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Response to Nitram (Reply #44)

Sat Sep 15, 2018, 03:56 PM

45. It was you.

You’ve clarified that you don’t believe (2). As far as (1) goes, more and more other animals are passing theory of mind tests that are generally considered to be good evidence of subjective conscious experience. It ain’t just apes.

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Response to marylandblue (Reply #8)

Fri Sep 14, 2018, 01:05 PM

29. Do animals experience those emotions,

or is that your interpretation of what their motivation must be?

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Response to guillaumeb (Reply #29)

Fri Sep 14, 2018, 02:53 PM

32. Research shows other mammals seem to experience the same basic emotions we do

Last edited Fri Sep 14, 2018, 03:23 PM - Edit history (1)

There is a large and growing body of literature on this.

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Response to marylandblue (Reply #32)

Fri Sep 14, 2018, 03:34 PM

34. The key word is, of course, "seem".

If by basic emotions you mean fear and avoidance, we agree.

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Response to guillaumeb (Reply #34)

Fri Sep 14, 2018, 03:44 PM

36. No matter the qualifier or lack thereof I put, you would have argued the point

Last edited Fri Sep 14, 2018, 04:21 PM - Edit history (1)

I put the word "seem" solely for your benefit. I think the research actually proves it, but I thought if I said that, you'd argue it.

Go review the research and get back to us when you've come up to speed. The research literature also defines the basic emotions. It's interesting research, but I am not competent enough to explain it to you.

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Response to marylandblue (Reply #36)

Fri Sep 14, 2018, 03:50 PM

37. I have read a little.

And from my limited understanding, the basic emotions relate mainly to more instinctive behavior.

Anger is understandable on a purely physical level.
Fear the same. Fear of the dark.
Surprise the same. The surprise of a prey animal upon seeing a predator.
Happiness and sadness are things that we can infer upon observing a non-verbal animal. Is a dog happy that he is being groomed, or is it simply a reaction to a physically pleasurable act?

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Response to guillaumeb (Reply #37)

Fri Sep 14, 2018, 04:14 PM

38. Read more then, and think a little too

Your example of a dog being groomed is a strange one for any one familiar with dogs. Dogs all react differently to being groomed. On the other hand, dogs all act the same when they see their owner, and it could not possibly be physical pleasure.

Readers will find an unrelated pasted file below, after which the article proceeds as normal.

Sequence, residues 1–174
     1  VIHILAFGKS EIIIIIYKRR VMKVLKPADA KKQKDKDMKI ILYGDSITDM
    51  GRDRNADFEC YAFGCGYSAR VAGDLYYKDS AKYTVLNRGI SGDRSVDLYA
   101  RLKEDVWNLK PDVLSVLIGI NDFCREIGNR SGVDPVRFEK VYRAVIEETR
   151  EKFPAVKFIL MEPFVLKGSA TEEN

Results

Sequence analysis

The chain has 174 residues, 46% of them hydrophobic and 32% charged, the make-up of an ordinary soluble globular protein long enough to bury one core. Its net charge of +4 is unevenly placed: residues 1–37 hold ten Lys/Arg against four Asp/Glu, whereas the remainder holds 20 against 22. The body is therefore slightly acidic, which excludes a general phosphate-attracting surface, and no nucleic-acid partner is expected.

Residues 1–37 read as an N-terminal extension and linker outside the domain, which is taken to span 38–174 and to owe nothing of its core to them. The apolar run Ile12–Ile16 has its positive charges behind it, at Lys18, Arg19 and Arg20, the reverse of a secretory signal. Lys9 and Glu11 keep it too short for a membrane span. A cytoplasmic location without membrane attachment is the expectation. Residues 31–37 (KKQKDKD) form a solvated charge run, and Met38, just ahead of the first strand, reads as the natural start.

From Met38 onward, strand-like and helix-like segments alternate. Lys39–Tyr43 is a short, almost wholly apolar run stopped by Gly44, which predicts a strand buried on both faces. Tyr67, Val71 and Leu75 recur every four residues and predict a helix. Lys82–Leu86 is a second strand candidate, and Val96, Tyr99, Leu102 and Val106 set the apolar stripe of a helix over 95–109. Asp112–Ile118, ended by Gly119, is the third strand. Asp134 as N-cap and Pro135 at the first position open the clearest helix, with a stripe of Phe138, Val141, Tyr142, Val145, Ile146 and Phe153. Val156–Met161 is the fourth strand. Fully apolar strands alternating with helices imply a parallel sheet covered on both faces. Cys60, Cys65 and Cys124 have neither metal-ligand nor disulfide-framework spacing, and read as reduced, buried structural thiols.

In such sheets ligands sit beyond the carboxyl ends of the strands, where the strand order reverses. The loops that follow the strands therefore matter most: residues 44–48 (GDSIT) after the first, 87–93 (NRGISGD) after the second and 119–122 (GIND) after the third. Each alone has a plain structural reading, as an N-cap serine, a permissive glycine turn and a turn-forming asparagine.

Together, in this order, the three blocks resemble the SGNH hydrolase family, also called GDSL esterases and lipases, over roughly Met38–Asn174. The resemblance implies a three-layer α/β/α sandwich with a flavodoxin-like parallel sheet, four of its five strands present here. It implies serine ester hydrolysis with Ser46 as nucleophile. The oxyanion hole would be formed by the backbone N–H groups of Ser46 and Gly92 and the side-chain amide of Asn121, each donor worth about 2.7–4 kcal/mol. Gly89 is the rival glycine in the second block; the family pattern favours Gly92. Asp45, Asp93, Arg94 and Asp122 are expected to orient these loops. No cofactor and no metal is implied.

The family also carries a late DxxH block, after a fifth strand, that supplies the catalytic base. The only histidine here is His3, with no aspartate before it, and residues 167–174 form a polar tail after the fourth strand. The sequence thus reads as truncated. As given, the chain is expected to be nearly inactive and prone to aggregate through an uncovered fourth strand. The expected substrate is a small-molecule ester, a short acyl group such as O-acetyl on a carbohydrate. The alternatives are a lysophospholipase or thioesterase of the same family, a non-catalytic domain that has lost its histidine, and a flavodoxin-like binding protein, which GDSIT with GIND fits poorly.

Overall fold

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Response to guillaumeb (Reply #29)

Fri Sep 14, 2018, 03:09 PM

33. Well, now, what research have you read on that subject, guillaumeb?

Do tell. There is a good deal of it, actually. You will not find it at religiousnews.com, though. If that's where you do your research, you are not gaining much knowledge.

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Response to Greatest I am (Original post)

Fri Sep 14, 2018, 10:41 AM

20. I'll ask Zeus and get back to you.

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Response to Greatest I am (Original post)

Fri Sep 14, 2018, 11:42 AM

23. It's just a story. A story told around campfires by

nomadic tribes. There was no Adam nor Eve. No Satan. No Yahweh. They're all just characters in a campfire story.

The story tellers weren't there. Not one of them. It's a decent story about origins, but that's all.

Mythology.

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Response to Greatest I am (Original post)

Fri Sep 14, 2018, 11:44 AM

24. Ooga Booga.

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Response to Greatest I am (Original post)

Fri Sep 14, 2018, 12:24 PM

25. I think cavemen knew right and wrong.

As Hawking and DeGrasse-Tyson say,

Existence or lack of spiritual beings is irrelevant to evolution.

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Response to Greatest I am (Original post)

Fri Sep 14, 2018, 12:29 PM

26. Pure fantasy and fiction.

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Response to Greatest I am (Original post)

Fri Sep 14, 2018, 12:34 PM

28. I prefer the Santa Claus myth.

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Response to Corvo Bianco (Reply #28)

Sat Sep 15, 2018, 04:28 AM

40. Hail Santa! nt